There is difference between anti- piracy and counter- piracy. Anti-piracy is about elimination; medium to long-term perspective, strategic, national, regional and international character, in other words it is a ''pipe dream'', cannot be done. Counter- piracy is about containment; short term and medium term, tactical, operational, private, national, regional and international character. My presentation is about counter- piracy policies and initiatives. When it comes to East Africa, believe it or not, 99.5% of the funds spent on counter-piracy go to counter-piracy operations.
Maritime piracy is considered as a geopolitical trigger of global supply chain. Below you may have a picture of the public's perception about the maritime security and piracy. This is what we call a 'vortex' issue because when something pops up in the middle of the ocean, makes the headlines for few days, couple of weeks and then dies out , nobody remembers a thing about it. However there are two groups who cannot forget the incident, seafarers and their families and also high-level managers who are working for shipping companies.
West Africa, Gulf of Guinea, East Africa - mainly Somalia, Malacca Straits are considered as the hotbeds of maritime piracy. There is one important thing to remember; what you are looking at these areas is just the tip of the. Just to scratch on the surface a little bit and give you the tip of the iceberg; Latin America makes its way to Europe for cocaine, ivory transits from East Africa to West Africa into Southeast Asia. Cocaine is a 1.5 billion dollar business a year and ivory is a 30 million dollar business a year. Arms transit from the peninsula into East Africa, human trafficking from East Africa to the peninsula, heroin from the subcontinent onto East Africa and from East Africa to Europa in the Southeast Asia. I.U.U.F, which stands for Illegal Uncontrolled Unreported Fishing, is a 2.0 billion dollar business a year makes its way from West Africa to Europe and Asia.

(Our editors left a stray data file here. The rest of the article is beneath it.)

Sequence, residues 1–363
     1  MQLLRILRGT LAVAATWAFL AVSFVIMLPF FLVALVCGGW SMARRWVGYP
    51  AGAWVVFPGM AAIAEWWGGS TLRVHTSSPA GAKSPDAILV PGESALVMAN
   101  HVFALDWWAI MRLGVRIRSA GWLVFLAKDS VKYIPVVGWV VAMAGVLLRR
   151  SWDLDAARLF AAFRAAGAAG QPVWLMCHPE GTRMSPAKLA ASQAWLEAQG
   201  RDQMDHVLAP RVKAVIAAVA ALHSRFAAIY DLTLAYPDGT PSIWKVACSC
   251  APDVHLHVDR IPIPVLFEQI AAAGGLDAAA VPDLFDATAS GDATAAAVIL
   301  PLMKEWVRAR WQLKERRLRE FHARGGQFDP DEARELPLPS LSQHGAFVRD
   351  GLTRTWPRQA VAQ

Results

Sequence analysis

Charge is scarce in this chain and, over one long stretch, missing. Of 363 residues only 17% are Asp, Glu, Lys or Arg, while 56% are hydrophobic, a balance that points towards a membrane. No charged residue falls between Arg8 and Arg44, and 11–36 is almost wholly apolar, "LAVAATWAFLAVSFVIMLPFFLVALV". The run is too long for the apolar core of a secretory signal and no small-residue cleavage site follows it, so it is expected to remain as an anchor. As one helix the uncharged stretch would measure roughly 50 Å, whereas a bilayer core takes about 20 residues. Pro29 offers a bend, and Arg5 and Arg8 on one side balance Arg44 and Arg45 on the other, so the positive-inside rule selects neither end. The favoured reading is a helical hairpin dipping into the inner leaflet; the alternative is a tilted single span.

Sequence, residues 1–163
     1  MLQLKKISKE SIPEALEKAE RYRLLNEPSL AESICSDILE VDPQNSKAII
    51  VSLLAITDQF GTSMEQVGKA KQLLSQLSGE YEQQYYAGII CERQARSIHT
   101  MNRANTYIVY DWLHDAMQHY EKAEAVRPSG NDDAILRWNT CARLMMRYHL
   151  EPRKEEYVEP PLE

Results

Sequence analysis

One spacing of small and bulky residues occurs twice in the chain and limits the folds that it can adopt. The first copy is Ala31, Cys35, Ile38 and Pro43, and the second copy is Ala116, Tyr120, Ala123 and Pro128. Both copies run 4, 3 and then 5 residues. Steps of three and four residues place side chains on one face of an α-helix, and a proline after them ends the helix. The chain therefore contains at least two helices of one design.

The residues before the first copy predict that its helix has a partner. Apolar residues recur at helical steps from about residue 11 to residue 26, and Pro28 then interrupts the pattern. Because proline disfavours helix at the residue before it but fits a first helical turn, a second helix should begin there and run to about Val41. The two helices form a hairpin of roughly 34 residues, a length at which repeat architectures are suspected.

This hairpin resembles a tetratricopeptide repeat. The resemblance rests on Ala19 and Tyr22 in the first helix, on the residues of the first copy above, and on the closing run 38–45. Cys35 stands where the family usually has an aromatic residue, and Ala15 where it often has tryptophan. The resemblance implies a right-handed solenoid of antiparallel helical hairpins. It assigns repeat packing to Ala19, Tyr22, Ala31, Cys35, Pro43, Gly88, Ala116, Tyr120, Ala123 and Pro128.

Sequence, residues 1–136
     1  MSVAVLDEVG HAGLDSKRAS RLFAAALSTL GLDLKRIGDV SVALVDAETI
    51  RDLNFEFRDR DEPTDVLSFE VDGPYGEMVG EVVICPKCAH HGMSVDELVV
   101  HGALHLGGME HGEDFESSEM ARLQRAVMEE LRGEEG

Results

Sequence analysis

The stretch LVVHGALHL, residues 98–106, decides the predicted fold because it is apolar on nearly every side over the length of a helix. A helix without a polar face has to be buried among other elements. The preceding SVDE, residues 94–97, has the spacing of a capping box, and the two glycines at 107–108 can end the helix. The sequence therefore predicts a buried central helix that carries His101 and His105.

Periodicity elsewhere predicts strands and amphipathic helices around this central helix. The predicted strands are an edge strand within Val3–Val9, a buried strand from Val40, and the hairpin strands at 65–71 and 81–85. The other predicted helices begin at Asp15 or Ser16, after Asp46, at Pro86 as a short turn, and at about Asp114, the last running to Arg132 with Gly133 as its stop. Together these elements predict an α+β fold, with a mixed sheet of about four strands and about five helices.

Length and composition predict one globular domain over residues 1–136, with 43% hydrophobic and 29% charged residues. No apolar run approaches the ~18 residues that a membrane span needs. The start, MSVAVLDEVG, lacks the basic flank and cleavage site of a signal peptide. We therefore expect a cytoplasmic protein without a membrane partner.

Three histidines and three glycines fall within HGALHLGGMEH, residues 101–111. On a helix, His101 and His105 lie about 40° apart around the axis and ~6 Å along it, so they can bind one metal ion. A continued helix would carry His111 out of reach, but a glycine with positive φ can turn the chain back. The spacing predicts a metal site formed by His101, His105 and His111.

'By chance', piracy's hotbeds worldwide are mostly failed states; this is something to mull over. When it comes to maritime security, this is not a linear world, it is a world full of curves, so you think you are dealing with a crime however, in fact you are dealing with jacks of all trades. One year they play piracy, next year cocaine and the following year they play unregulated fishing.
East Africa (Somalia) vs West Africa (Nigeria)
Regarding the 'Theaters of Action'
- Unstable Government vs Stable Government
- Pockets of Government vs Pockets of Lawlessness
- Distitutio vs Poverty
- Quasi-Military Trained Personnel for both areas
- Very low geographical concentration vs medium-high geographical concentration
- Massive corruption for both areas which is the common denominator of seaborne crime all over the world!
- Opportunistic attacks vs Well planned attacks
- All kind of ships vs mostly crude oil tankers
- Use of weapons in both cases
- Use of mother ships vs no use of mother ships
- Hostages kept for months vs hostages kept for days
- Ranson vs cargo theft
Regarding counter- piracy
- International naval ops vs national naval ops
- National/ regional land operations vs national land operations
- Persecution and/or capture and release policy vs mainstream corrupted prosecution
- P.C.A.S.P.s vs National militaries
- Djibouti Code vs Yaounde Summit
Above article is an edited version of Mr George Kiourktsoglou's presentation during 2013 SAFETY4SEA Athens Forum
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